iDASH: Integrating data for analysis, anonymization, and sharing

Lucila Ohno-Machado*, Vineet Bafna, Aziz A. Boxwala, Brian E. Chapman, Wendy W. Chapman, Kamalika Chaudhuri, Michele E. Day, Claudiu Farcas, Nathaniel D. Heintzman, Xiaoqian Jiang, Hyeoneui Kim, Jihoon Kim, Michael E. Matheny, Frederic S. Resnic, Staal A. Vinterbo, Winston Armstrong, Natasha Balac, Jane Burns, James Chen, Rex ChisholmRichard Cope, Sanjoy Dasgupta, Cynthia Dwork, Robert El-Kareh, Fern Fitzhenry, Anthony Gamst, Amilcare Gentili, Peter Good, Amarnath Gupta, Mayuko Inoue, Ronald Joyce, Ingolf Krueger, Grace Kuo, Jennie Larkin, Karen Messer, Lalit Nookala, Greg Norman, Keith Norris, Kiltesh Patel, Paulina Paul, Pavel Pevzner, Kevin Patrick, Sergei Pond, Jialan Que, Susan Rathbun, Susan Robbins, Anand Sarwate, Chisato Shimizu, Heidi Sofia, Peter Tarczy-Hornoch, Dallas Thornton, Florin Vaida, Faramarz Valafar, George Varghese, Nicole Wolter, Cindy Wong, Mona Wong, Alex Zambon

*Corresponding author for this work

Research output: Contribution to journalArticlepeer-review

78 Scopus citations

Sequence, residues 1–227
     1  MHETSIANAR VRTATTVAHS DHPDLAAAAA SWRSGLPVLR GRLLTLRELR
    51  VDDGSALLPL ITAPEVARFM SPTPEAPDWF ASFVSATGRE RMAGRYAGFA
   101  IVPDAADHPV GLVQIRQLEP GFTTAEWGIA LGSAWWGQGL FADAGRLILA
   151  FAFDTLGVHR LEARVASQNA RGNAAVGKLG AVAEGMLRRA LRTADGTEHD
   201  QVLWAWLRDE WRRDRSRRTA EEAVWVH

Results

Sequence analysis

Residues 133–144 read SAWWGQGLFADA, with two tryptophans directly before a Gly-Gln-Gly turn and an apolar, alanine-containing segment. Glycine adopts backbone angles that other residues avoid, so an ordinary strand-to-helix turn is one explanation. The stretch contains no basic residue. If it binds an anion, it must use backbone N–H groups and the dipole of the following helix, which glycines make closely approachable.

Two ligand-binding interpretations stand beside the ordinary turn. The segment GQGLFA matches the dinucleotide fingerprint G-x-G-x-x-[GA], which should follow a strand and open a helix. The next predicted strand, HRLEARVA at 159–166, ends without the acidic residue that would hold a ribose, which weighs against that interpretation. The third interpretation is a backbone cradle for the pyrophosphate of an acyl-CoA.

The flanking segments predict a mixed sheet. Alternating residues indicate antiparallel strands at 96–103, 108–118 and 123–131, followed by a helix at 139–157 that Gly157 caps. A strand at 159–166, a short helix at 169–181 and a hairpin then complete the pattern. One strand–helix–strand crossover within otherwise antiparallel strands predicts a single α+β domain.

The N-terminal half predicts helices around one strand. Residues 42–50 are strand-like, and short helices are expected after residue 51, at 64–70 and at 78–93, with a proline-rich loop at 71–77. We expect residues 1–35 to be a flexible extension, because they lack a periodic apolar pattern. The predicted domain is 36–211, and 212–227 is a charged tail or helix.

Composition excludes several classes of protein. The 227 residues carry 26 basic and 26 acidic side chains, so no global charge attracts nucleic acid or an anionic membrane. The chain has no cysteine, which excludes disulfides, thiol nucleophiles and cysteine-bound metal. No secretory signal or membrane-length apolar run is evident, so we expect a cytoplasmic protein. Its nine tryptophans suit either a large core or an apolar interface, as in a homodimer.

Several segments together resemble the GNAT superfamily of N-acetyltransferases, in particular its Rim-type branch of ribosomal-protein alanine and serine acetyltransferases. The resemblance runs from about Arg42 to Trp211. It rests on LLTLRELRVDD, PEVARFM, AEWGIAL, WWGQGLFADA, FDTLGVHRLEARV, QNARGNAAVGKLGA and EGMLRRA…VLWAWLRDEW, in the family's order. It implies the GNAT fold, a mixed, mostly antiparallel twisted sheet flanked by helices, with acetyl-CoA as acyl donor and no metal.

Abstract

iDASH (integrating data for analysis, anonymization, and sharing) is the newest National Center for Biomedical Computing funded by the NIH. It focuses on algorithms and tools for sharing data in a privacy-preserving manner. Foundational privacy technology research performed within iDASH is coupled with innovative engineering for collaborative tool development and datasharing capabilities in a private Health Insurance Portability and Accountability Act (HIPAA)-certified cloud. Driving Biological Projects, which span different biological levels (from molecules to individuals to populations) and focus on various health conditions, help guide research and development within this Center. Furthermore, training and dissemination efforts connect the Center with its stakeholders and educate data owners and data consumers on how to share and use clinical and biological data. Through these various mechanisms, iDASH implements its goal of providing biomedical and behavioral researchers with access to data, software, and a high-performance computing environment, thus enabling them to generate and test new hypotheses.

Original languageEnglish (US)
Pages (from-to)196-201
Number of pages6
JournalJournal of the American Medical Informatics Association
Volume19
Issue number2
DOIs
StatePublished - Mar 2012

ASJC Scopus subject areas

  • Health Informatics

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